A living Jazz legend captivates Muscat audience

The eagerly anticipated performance of American Jazz diva, Dianne Reeves, at the Royal Opera House Muscat, finally arrived last Thursday night. With such accolades as “the most eminent jazz vocalist in the world”, the five-time Grammy award winner, including ‘Best Jazz Vocal Performance’, the stakes were high for a stylish concert. For one performance only – her first in Oman – Ms Reeves’ 90-minute, sold-out show exceeded all expectations and dispelled any hints of scepticism. One just had to experience her captivating showmanship and vocal prowess to be convinced that Dianne Reeves really is the very best of jazz singers alive today; in fact, a Living Legend.
Along with the 61-year-old Diva, who has been performing since 1976, came a Quartet of the finest musicians around, and the show opened with the four men in an instrumental. It was an up-beat funk number, giving each the opportunity to solo on electric guitar, electric bass, grand piano and drums. Gradually the piece became more mainstream Be-bop, and with a slight uneasiness that the whole set would be in the Soul-R&B fusion style of her latest album, the musicianship of the band was unquestionably established.
The concern was quickly allayed. An intro in a more mellow mood, prompted by Reginald Veal’s change to acoustic double-bass, provided the atmospheric soundscape for Ms Dianne Reeves to make her enigmatic entrance in pure gold. Her professionalism and stage presence were astounding as she lifted the microphone from her side-table – no mic stand here – and without a blink, joined in with the richest, warmest tones one could only dare hope for. The song was her own interpretation of Paul Webster’s 1956 ballad, “Twelfth of Never” with some impossible vocal improvisations to help it on its way. Half-seated, the atmosphere was misty and relaxed – exactly as she intended. The following song, with no introduction, was one of her signature wordless improvisations to a jazz-waltz, and here that epithet, ‘she used her voice like an instrument’ became a reality. The quality of Ms Reeves’ vocal timbre was as wide and varied as her impressive range. From clear and resonant in the high register, she descended into the depths of her strong, smoky jazz sound, reminiscent of Dinah Washington or Abbey Lincoln.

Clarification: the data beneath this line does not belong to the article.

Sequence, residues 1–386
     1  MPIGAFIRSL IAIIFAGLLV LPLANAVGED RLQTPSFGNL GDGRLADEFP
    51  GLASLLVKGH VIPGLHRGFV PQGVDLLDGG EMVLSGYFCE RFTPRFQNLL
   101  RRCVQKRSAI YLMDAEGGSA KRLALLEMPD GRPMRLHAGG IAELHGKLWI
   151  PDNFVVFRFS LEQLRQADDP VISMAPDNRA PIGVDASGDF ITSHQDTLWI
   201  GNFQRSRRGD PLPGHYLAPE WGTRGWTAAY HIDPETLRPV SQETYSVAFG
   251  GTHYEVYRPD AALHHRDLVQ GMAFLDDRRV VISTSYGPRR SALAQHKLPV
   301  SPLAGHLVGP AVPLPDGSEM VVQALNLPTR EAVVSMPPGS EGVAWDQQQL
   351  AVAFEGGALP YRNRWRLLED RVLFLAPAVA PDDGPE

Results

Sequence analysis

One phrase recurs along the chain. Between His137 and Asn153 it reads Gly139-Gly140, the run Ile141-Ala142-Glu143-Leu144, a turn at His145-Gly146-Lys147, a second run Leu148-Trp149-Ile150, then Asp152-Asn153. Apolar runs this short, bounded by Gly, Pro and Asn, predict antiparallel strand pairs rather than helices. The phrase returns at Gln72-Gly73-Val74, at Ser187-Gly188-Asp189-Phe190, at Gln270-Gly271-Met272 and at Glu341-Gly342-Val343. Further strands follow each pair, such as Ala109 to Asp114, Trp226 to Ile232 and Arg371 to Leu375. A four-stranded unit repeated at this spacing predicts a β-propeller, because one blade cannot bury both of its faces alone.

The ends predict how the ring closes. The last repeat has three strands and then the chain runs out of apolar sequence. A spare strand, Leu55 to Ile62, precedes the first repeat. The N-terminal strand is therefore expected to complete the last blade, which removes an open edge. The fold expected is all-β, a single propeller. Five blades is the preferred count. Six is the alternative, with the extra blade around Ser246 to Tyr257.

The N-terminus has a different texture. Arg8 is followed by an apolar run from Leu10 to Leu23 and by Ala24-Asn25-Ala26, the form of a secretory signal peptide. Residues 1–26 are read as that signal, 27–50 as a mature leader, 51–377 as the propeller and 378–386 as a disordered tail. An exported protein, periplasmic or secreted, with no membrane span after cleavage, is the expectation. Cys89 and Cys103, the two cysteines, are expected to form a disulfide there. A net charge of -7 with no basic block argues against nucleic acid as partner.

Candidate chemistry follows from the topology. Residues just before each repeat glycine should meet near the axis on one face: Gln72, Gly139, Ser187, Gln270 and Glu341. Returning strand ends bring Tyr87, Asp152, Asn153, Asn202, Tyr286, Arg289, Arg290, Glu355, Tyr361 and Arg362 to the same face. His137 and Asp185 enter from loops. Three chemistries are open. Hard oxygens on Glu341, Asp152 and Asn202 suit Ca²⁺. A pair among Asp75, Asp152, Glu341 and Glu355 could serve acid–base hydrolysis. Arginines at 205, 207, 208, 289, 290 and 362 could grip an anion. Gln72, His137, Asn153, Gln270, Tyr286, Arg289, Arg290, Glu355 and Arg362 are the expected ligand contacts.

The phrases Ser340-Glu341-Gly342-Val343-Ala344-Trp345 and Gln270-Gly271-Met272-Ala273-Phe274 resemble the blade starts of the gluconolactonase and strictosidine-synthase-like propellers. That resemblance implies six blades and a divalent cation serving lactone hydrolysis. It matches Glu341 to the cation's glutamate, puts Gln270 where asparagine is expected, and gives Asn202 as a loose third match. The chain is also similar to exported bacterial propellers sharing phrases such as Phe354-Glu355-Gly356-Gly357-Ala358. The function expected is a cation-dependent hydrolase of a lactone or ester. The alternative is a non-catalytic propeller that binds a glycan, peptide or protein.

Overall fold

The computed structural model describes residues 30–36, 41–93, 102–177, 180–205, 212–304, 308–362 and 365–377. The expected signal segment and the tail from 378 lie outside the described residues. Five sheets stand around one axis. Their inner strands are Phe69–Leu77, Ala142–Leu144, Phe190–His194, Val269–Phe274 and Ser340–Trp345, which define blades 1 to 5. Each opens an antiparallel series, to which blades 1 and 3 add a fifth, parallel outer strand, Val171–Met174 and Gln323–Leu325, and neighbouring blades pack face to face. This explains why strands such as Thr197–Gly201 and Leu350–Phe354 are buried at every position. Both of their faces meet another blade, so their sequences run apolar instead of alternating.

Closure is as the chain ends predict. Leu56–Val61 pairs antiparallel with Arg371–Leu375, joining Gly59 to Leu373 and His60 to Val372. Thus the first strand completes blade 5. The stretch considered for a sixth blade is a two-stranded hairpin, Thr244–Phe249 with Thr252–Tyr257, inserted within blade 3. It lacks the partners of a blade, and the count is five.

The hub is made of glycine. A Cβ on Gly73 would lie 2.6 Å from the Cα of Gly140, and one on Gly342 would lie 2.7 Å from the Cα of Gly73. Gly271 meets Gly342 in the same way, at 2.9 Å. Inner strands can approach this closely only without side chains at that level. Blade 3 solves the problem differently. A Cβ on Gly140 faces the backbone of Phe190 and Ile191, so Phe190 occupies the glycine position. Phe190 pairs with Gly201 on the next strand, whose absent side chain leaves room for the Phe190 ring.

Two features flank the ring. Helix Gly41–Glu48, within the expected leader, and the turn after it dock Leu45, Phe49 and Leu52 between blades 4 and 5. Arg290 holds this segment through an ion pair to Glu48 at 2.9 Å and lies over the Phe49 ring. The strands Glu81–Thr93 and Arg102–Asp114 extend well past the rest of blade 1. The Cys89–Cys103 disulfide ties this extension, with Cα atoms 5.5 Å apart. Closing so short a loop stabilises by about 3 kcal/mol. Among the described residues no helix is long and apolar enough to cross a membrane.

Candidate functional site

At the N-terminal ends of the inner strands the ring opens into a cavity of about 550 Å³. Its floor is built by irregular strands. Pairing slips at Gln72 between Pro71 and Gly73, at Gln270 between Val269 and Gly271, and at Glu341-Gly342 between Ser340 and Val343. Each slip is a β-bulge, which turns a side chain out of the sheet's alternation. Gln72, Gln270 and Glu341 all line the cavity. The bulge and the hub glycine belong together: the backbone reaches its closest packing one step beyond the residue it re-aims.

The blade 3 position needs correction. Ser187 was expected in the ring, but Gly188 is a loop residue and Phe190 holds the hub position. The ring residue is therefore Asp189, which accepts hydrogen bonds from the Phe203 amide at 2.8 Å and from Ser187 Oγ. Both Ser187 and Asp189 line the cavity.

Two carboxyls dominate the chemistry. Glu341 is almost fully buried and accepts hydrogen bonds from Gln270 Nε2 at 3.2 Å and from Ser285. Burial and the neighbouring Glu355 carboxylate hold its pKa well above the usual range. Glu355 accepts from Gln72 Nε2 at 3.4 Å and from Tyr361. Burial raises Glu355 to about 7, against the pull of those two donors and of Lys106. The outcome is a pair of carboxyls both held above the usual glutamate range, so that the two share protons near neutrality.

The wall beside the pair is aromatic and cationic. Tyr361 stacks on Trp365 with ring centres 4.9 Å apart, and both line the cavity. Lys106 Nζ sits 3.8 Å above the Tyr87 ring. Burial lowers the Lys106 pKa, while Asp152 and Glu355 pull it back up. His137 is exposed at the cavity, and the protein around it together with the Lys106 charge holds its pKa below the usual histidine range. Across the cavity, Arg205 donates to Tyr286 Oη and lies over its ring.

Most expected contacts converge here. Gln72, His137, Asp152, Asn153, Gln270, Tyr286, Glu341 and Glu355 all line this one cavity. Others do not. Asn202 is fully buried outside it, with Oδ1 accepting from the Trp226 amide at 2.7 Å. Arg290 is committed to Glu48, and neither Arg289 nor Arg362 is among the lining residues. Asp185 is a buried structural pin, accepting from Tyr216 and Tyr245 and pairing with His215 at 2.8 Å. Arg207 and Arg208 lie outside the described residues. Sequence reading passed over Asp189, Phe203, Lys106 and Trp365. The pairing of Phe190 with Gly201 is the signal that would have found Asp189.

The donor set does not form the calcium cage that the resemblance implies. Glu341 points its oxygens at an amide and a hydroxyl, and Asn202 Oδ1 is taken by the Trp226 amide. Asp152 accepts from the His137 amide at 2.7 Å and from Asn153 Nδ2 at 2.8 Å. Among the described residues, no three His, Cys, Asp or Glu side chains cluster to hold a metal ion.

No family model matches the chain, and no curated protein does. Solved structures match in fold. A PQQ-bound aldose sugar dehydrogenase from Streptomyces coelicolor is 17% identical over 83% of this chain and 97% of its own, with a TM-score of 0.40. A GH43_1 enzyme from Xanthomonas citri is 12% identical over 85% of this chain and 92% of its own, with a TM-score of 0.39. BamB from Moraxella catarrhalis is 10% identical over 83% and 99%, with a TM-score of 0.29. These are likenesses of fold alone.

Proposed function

Then she addressed the audience, introducing the lyrics she had set to Wayne Shorter’s 1966 ballad, “Infant Eyes”, when her Brazilian guitarist friend, the Rio-born, Romero Lubambo, became a grandfather for the first time while on tour with her band in 2017. It was an insight into Ms Reeves’ depth of empathy and her ability to transform emotion into a poignant and moving song. Lubambo himself changed to acoustic guitar and a sublime piano solo from her MD and pianist, Peter Martin, rendered this one of the most haunting of the evening.
Dianne Reeves’ magic went on and on. She reintroduced her Bassist – singing – and he played a spectacular solo on the electric instrument. She told her early life story in an improvised vocal duet, where a lesser musician would have spoken, taking up valuable performance time. She came from simple but musical roots in Detroit. This melted into the most sultry interpretation of Miles Davis’ “All Blues” imaginable. Ms Reeves is admired for her marvellous phrasing and elegant musicality which informs every note she delivers, and here those qualities were so evident. It was followed by an original composition on being 9-years-old, celebrating that innocent sense of wonder she recalled inhabiting during childhood. The fast standard-swing is an example of her breath-taking vocal technique in which she is in total command of every story she spins into song.
The next section of the evening became more focused and intimate as guitarist, Romero Lubambo, gave a virtuoso solo introduction to Jobim’s iconic Bossa Nova, “ Quiet Nights and Quiet Stars”. Ms Reeves’ endowed it with an exuberant sense of Latin heat and then launched into brilliant scat improvisation. The interpretation of Duke Ellington’s slow, “Solitude” was alluring and beautifully accompanied on just piano and guitar. Unusually, she called back the bass player and drummer, Terreon Gully, for a complex drum solo in the frenzied Outro. An original Latin composition, “Tango” allowed for vocal acrobatics in a wordless tour-de-force with which Ms Reeves improvises and inspires audiences throughout the world.
Sadly the Finale came all too soon. She is one of those performers who you want to sing on forever, to hear again tomorrow night, her style is so varied and eclectic. She sang each member of the band’s name to solo and claim his applause. A standing ovation brought her back on stage and she invited the audience to hold up the lights on their ‘phones as a metaphor for the “Beautiful Life” – the title track of her latest album – in an encore of a performance which surpassed everyone’s dreams. This year the National Endowment for the Arts will bestow on Ms Reeves the highest honour which the USA can award – Jazz Master, and after experiencing Thursday’s show, it is completely understood and utterly deserved.

Written by GEORGINA Benison

Photos by Khalid al Busaidi